good morning ~
(click the link / chonky yard friend to listen)
today's track is a live take of me playing three synthesizers at once, had me feeling like this guy
this weekend provides you with the unique opportunity to hear the Friends Meeting record playing in a humongous, reverberant stairwell - it'll play twice a day Friday, Saturday, and Sunday at Foreland in Catskill with lots of other cool recordings and a ton of visual art on view, as well, including my sweetie the sculptor Gracelee Lawrence. Gracelee's also going to be doing an open studio thing at our house in Climax on Saturday, 1 - 3pm - if you'd like to come through please let me know.
Felt like the door blew right off, wind ripped it open and there I was standing on the threshold with the thick drops of rain careening more and more sideways, slamming on the metal roof. In the distance I could hear the mournful glissando aria of the tornado warning, didn't realize this town had weather sirens. The extreme weather promised earlier in the day had arrived, everyone's phones synchronously honked, goose-like. We were 30 minutes into doors being open, just long enough for a handful of folks to arrive, purchase their bean burrito dinner, and then huddle under the art in an impromptu dining seating area once the thunder started cracking.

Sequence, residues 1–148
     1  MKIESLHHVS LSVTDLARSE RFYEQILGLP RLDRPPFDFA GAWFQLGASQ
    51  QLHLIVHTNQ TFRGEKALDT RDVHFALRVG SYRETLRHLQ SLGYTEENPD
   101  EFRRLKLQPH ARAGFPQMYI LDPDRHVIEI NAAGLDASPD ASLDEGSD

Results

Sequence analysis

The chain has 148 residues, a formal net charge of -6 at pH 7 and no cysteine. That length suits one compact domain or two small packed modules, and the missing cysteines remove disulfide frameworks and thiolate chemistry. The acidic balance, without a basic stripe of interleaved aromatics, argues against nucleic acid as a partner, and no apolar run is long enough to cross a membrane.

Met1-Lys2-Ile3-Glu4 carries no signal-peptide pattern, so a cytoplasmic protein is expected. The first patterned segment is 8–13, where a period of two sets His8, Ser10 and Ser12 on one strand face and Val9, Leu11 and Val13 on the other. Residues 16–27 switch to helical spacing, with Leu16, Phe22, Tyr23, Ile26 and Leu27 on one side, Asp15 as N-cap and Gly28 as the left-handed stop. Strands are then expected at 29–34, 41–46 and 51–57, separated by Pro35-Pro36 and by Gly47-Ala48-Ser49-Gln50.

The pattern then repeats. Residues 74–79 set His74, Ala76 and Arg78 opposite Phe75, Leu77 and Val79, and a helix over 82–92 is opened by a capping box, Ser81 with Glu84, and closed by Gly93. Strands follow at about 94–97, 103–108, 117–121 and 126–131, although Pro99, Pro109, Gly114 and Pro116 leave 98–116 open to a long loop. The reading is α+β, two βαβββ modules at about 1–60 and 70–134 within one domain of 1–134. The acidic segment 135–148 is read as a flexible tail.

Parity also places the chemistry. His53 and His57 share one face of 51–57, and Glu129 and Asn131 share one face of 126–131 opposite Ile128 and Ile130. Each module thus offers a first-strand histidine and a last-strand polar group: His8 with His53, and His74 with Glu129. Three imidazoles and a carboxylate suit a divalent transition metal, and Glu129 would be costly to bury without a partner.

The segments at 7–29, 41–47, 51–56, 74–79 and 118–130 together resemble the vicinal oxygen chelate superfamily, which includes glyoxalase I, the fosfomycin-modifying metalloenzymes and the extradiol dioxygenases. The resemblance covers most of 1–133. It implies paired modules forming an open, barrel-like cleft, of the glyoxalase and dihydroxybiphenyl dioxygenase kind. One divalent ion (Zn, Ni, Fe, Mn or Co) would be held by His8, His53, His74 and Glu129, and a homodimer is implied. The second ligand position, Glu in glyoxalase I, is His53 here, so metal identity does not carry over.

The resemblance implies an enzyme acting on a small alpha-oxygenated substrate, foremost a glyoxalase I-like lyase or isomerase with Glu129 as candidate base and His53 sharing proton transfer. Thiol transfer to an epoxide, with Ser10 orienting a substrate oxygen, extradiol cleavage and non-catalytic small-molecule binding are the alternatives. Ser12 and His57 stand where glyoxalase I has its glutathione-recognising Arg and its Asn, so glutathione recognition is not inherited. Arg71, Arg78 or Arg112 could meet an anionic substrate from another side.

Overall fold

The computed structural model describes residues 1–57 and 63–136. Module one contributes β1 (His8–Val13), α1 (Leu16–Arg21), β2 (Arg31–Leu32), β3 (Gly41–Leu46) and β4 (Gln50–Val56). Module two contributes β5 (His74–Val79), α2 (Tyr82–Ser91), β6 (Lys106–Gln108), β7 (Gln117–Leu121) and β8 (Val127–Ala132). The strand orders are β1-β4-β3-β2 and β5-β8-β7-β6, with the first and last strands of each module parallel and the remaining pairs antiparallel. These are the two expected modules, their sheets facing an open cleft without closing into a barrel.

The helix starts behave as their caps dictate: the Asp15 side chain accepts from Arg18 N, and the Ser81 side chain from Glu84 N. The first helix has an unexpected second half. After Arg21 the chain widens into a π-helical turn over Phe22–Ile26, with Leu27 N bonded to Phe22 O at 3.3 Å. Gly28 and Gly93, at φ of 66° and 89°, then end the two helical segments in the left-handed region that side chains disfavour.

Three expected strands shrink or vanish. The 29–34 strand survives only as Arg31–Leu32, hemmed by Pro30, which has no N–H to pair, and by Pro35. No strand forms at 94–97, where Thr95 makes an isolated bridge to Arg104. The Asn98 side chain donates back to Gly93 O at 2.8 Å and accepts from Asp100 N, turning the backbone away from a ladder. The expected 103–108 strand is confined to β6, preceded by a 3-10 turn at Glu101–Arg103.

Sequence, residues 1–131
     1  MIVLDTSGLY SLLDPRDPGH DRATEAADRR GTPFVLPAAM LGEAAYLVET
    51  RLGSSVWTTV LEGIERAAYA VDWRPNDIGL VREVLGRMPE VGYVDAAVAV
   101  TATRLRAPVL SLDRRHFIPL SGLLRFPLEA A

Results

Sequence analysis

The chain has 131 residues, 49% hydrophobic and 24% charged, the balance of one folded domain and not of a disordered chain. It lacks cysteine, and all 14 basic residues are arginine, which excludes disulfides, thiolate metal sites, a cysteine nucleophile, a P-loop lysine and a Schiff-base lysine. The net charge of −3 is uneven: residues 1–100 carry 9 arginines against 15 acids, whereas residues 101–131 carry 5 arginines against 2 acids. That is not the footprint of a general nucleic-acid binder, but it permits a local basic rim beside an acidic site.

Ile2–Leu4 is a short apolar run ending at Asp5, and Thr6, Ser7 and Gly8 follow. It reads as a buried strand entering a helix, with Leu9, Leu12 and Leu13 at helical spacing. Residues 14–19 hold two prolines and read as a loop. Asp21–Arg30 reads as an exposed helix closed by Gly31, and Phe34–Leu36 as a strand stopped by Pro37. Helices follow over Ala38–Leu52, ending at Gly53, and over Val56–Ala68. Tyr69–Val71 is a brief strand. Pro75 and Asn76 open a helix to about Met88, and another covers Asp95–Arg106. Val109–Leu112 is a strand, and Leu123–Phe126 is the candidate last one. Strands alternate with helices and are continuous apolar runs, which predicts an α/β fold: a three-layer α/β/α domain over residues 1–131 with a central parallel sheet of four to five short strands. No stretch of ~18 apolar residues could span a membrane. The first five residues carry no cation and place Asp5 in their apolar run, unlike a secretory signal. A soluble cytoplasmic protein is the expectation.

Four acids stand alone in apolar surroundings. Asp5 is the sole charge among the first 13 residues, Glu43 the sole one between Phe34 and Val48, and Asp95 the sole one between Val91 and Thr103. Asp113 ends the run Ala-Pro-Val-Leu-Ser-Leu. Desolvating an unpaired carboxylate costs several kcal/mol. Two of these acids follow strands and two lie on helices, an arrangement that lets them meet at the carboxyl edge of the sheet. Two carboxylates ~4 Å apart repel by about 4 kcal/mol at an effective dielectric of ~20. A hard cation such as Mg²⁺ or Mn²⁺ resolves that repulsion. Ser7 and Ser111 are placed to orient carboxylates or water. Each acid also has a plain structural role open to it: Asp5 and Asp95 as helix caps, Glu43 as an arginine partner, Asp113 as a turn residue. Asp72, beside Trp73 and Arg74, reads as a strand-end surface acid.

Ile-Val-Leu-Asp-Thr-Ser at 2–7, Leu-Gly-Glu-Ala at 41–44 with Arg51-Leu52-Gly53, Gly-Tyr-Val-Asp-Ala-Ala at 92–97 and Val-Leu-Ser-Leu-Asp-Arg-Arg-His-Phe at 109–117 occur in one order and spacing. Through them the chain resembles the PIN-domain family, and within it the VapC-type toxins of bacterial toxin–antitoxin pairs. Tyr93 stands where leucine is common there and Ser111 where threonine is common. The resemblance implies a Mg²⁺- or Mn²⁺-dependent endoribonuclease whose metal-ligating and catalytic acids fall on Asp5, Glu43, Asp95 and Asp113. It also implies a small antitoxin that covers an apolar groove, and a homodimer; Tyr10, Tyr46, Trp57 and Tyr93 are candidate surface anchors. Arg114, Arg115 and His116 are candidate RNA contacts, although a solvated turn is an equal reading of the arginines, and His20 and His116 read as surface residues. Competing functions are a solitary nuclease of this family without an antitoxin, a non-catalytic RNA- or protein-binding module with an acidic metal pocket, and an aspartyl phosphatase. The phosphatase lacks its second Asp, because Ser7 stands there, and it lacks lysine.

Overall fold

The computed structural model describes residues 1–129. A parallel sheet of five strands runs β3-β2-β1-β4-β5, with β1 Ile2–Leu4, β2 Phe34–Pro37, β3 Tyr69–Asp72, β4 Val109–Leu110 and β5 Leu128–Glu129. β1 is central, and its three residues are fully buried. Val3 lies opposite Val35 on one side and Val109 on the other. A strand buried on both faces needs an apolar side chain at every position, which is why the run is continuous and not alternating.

Cave mode! How quickly we revert, drop the pretense entirely - the walls we collectively build out of social mores can be punched right through at any moment. Shelter and nourishment sought in the company of strangers and acquaintances, the rotating disco ball and colored LEDs remarkably fire-like, the crude scrawl of the artist's work on view could be read equally as childhood naive or early man, bloody paw prints slapped on the wall. We are joined in the simple thing of not wanting to get rained on, not wanting to get struck by lightning, although I suppose if we had really gone back to our earliest forms the people hanging out at the show would have not made a run for the other building's only bathrooms. They came back from exposure sheepishly with their jackets over their heads.
Felt many things in this moment. Worry, sure - my friend's text message describing a visible spout out the window of his apartment had squeezed through onto my phone and I couldn't help imagining what havoc even the world's smallest tornado would wreak on our parking lot, pea gravel and metal barricades breaking every of our thousand windows. There was a social anxiety, as well - maybe 20 people total in the room, not much conversation happening above the atmosphere's din, half of them paying customers, was I responsible for their comfort? Should we do a name circle, tell everyone our pronouns and our favorite vegetable? Maybe we should have turned up the house music, filled the room a bit more. Eventually I made an Announcement, using the oratorial heft and lung capacity I developed from years of working at a fancy movie theater.
HI EVERYONE, IF I COULD HAVE YOUR ATTENTION PLEASE - THANKS FOR BEING HERE TONIGHT, OBVIOUSLY WE'RE GOING TO WAIT A LITTLE WHILE TO START THE SHOW AND SEE IF THIS WEATHER DOESN'T BREAK. WE'LL PROBABLY START THE FIRST BAND AT EIGHT THIRTY. BY THE WAY, THE RESTAURANT IS CLOSING - THEY DON'T WANT TO STAY OPEN IN THE RAIN - SO THIS IS THE LAST CALL FOR CEVICHE. THANKS!